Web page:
remotely comparable experience has to be brought to

What has made it so hard to be fair to naturalistic
art is this: that in it the material or content always
threatens to overpower our sense of the artist's mastery
of it. Ought not the painter to do something utterly
un- or non-naturalistic, give us lessons in drawing,
color, and composition? Naturalistic works of art
seemingly or actually distract attention from the artis-
tic accomplishment as such; but surely, so to distract
us, the artist must have managed some especially subtle
or skillful reshuffling between what we think of as the
“materials of art” and their “spiritualization.” Great
naturalistic works are perhaps the most mysterious of

In conclusion, we may attempt to give answers in
defense of naturalism to some questions raised earlier.
Is the naturalistic work somehow of a lower rank than
other kinds of art? No, and certainly not necessarily.
Where are we to look, in naturalistic works, for the
traditional criteria of a work of art? Well, by the way
they have been hidden away, or the viewer's eye
distracted from them. Does the artist's tendency to
naturalism impair his own imagination and his other
creative qualities or has it no bearing on them? The
latter, surely, not the former; indeed, it has been
claimed that there is no such thing as naturalism in
art; naturalism can go too far, as in excessive pursuit
of the trompe-l'oeil, but then so can every kind of art.
And one last question, the one that sums up all others:
How can an explicitly, extremely naturalistic work
nevertheless be a work of art in the full sense of the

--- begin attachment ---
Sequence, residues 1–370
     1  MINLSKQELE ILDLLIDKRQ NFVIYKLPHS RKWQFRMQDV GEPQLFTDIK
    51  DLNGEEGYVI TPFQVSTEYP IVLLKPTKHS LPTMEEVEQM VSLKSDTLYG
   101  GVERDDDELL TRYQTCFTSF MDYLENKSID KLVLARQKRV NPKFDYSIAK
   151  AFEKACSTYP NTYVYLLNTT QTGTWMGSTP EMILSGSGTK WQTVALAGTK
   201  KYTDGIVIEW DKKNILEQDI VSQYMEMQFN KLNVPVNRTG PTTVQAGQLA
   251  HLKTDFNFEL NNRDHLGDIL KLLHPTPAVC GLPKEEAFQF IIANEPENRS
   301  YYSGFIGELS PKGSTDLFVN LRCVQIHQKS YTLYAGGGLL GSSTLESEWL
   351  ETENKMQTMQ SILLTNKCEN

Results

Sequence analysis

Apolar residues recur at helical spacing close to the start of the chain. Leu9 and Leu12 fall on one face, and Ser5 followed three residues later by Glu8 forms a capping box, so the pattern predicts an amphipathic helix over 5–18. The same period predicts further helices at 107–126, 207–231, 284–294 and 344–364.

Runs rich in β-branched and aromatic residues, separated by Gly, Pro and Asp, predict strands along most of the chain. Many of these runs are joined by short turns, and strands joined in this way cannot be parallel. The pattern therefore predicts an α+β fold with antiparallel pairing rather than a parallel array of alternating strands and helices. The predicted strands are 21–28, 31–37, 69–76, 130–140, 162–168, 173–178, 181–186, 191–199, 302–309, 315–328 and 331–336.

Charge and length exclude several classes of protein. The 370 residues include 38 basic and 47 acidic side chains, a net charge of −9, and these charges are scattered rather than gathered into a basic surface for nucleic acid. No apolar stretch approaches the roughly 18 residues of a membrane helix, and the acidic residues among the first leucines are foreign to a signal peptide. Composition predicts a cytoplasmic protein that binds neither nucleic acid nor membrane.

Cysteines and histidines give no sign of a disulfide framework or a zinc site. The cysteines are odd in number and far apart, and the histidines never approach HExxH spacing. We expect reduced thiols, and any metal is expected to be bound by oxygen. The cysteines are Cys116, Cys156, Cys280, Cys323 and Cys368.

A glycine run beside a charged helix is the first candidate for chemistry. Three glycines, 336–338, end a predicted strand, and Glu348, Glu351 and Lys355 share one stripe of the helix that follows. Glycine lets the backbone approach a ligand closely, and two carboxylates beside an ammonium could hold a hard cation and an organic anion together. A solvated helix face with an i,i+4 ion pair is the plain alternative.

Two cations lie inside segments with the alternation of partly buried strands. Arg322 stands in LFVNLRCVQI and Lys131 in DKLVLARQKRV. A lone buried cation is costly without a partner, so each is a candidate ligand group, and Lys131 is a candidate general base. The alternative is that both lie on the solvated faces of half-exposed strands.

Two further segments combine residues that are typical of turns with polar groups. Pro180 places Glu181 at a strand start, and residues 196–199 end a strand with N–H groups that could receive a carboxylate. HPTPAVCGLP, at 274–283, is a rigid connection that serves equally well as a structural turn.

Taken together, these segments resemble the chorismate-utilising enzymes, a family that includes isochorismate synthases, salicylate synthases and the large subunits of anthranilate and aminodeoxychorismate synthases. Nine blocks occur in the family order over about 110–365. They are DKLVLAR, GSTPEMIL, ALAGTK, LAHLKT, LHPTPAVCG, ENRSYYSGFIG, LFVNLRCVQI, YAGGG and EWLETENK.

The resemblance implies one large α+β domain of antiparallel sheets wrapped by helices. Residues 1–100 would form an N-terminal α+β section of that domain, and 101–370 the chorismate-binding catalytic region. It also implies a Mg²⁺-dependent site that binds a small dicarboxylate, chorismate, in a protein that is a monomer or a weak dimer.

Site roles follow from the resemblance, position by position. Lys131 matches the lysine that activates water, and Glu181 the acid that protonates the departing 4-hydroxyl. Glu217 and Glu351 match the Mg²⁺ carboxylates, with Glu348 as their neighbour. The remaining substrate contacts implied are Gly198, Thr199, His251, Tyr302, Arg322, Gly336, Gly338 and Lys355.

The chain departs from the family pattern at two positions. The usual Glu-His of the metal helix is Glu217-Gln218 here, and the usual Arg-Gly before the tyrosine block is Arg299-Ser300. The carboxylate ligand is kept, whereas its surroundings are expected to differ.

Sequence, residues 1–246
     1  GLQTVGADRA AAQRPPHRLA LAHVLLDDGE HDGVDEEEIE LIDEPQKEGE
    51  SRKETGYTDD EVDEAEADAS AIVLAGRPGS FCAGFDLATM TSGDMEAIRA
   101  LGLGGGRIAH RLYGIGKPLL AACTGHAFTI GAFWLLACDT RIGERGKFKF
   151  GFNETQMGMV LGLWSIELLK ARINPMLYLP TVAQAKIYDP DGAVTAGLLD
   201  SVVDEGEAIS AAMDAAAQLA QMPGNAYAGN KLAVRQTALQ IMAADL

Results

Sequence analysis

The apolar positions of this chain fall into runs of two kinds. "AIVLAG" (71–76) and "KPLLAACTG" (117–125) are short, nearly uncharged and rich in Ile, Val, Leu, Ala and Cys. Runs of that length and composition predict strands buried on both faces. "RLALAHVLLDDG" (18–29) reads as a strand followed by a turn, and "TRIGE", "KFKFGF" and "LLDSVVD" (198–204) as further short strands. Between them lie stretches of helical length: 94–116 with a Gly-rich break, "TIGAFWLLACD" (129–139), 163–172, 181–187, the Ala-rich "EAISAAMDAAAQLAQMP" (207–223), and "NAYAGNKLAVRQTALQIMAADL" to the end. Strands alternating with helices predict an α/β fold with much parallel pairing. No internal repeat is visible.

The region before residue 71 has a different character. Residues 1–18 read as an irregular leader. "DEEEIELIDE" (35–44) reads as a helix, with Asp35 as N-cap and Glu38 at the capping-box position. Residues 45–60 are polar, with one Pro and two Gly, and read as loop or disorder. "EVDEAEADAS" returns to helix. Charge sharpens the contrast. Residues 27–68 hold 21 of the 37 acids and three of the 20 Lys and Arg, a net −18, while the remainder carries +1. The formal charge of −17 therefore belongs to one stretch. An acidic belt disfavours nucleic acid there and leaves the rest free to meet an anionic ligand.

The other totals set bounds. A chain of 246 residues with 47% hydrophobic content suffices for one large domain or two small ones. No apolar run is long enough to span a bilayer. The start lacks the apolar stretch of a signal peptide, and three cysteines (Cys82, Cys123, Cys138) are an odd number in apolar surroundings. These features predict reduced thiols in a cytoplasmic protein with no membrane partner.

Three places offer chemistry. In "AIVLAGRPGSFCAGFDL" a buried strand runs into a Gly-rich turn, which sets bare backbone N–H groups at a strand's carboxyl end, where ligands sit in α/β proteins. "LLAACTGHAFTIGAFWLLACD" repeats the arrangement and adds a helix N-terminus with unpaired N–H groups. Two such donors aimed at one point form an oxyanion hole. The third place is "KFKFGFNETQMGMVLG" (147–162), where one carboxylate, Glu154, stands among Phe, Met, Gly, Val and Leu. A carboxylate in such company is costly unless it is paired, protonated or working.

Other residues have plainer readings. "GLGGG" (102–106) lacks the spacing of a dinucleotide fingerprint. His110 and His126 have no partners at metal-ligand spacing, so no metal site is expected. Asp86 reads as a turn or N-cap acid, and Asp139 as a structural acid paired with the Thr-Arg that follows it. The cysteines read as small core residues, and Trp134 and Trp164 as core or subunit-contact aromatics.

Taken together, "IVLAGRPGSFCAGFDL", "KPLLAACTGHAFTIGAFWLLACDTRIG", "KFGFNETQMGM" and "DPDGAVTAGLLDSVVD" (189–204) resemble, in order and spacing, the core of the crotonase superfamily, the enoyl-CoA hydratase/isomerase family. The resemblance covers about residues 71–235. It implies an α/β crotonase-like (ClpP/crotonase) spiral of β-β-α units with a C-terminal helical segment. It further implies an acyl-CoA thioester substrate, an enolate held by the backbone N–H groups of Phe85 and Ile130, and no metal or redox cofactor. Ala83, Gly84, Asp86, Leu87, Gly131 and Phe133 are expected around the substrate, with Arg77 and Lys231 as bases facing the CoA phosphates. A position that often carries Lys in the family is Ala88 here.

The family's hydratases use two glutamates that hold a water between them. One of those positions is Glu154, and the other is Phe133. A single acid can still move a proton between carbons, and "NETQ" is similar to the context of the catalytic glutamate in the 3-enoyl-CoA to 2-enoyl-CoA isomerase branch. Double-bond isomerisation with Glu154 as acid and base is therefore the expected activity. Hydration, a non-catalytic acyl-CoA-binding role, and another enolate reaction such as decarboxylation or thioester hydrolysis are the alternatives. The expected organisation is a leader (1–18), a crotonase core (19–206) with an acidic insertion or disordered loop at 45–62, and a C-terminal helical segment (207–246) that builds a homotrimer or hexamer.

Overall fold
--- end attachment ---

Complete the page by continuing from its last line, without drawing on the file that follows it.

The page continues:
term? The answers to the preceding questions may
have provided at least the beginning of an explanation.


Rudolf Arnheim, Art and Visual Perception: A Psychology
of the Creative Eye
(Berkeley and Los Angeles, 1954; 1960).
Johannes Dobai, Die Kunsttheorien des 18. Johrhunderts in
(Vienna, in print). Max Dvořák, Idealismus und
Naturalismus in der gotischen Skulptur und Malerei

(Munich and Berlin, 1918). K. Fiedler, Gesammelte Schrif
ten über Kunst (Leipzig, 1896; 1971). Hanns-Conon von
der Gabelentz-Altenburg, “Zum Begriff 'Naturalismus'
in der bildenden Kunst, Versuch einer Klärung,” in
Anschauung und Deutung—Willy Kurth zum 80. Geburt-
(Berlin, 1964). Etienne Gilson, The A. W. Mellon Lec-
tures in Fine Arts (1955), Painting and Reality, 2nd ed.
(London and Princeton, 1957). Ernst Gombrich, Art and
Illusion: A Study in the Psychology of Pictorial Repre-
(New York, 1960). René Huyghe, Dialogue avec
le visible
(Paris, 1955). Ernst Kris and Otto Kurz, Die Leg-
ende vom Künstler: Ein geschichtlicher Versuch
1934). Erwin Panofsky, Idea. Ein Beitrag zur Begriffsge-
schichte der älteren Kunsttheorie.
Studien der Bibliothek
Warburg, Vol. 5 (Berlin, 1924); trans. Joseph Peake as Idea:
A Concept in Art Theory
(Los Angeles, 1968). Alois Riegl,
Die spätrömische Kunstindustrie (Vienna, 1901; 1927); idem,
Stilfragen (Berlin, 1893). Georg Schmidt, “Naturalismus und
Realismus. Ein Beitrag zur kunstgeschichtlichen Begriffs-
bildung,” Festschrift für Martin Heidegger zum siebzigsten
(Pfullingen, 1959). Seymour Slive, “Realism and
Symbolism in Seventeenth-Century Dutch Painting,”
Daedalus, 91, 3 (Summer, 1962). Franz Wickhoff, Die
Wiener Genesis
(Vienna, 1895). Heinrich Wölfflin, Kunst-
geschichtliche Grundbegriffe. Das Problem der Stilentwick-
lung in der neueren Kunst
(Munich, 1925); trans. as Princi-
ples of Art History, The Problem of the Development of Style
in Later Art
(reprint Gloucester, Mass., no date).


[See also Art and Play; Baroque in Literature; Form; Im-
pressionism; Mimesis; Nature; Romanticism; Style; Ut
pictura poesis.